If you have to travel to see a doctor or nurse then a good tip is to either keep pouring water over the burn, or wrap the area with clean, soaking wet cold towels. Never try to lance any blisters yourself and don’t follow folk remedies - water is the only thing that should be used – so never be tempted to put butter or lard on burns. Someone with a burn should also have a tetanus injection if they have not had a booster within the last 10 years.

Anything I should avoid?

You should avoid the following to promote healing:

  • Avoid a whole body shower, as this can induce hypothermia.

  • Avoid pulling clothes stuck to the burn off, as this may cause more skin damage.

  • Avoid delaying the cooling process – you can cool the area while calling 999 if necessary, or cool first then attend hospital – this is to reduce pain and prevent long-term scarring.

  • Avoid putting household products – butter, toothpaste or cream – on the burn, as these can cause further harm.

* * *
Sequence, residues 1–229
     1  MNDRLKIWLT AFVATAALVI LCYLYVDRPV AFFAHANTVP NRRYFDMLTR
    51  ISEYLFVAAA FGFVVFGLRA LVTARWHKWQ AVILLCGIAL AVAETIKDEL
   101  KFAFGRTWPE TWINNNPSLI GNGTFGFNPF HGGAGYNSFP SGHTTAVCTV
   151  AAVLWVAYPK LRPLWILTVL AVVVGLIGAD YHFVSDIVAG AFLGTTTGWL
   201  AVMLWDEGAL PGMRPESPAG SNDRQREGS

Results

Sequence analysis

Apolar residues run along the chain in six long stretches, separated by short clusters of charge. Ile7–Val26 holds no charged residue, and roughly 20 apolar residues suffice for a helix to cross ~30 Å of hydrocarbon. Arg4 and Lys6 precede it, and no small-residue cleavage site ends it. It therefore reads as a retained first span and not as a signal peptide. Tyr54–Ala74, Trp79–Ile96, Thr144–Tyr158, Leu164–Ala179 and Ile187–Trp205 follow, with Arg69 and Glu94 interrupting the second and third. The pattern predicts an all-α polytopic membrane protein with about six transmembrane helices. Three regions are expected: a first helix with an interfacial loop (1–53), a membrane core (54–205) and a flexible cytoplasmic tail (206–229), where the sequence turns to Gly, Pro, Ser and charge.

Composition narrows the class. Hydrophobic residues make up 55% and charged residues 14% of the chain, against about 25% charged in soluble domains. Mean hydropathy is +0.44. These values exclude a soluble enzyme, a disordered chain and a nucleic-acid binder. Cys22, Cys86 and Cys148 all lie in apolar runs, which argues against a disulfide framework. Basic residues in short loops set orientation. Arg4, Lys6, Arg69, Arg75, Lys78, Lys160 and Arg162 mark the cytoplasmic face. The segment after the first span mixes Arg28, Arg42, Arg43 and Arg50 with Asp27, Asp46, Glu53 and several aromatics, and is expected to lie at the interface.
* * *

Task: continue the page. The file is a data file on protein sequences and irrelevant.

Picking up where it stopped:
• Avoid using ice to cool the burn, as this can deepen the burn.

  • Avoid plasters or adhesive bandages on the burn, as this can cause further damage to the skin on removal.

Healthwords pharmacists' top tips

Treatment at home or with pharmacy products is generally limited only to first-degree (superficial) burns that just affect the outer layer of skin. Anything deeper than this, or which covers the size of skin surface larger than the affected person’s hand, will need medical attention.

Mild burns are damage to the skin typically caused by dry heat such as a hot iron, hot oven or a fire. Scalds are caused by a hot wet substance such as contact with hot water or steam. They are both treated in the same way and in most cases, mild burns or scalds can be treated at home, and normally heal without the need for further treatment.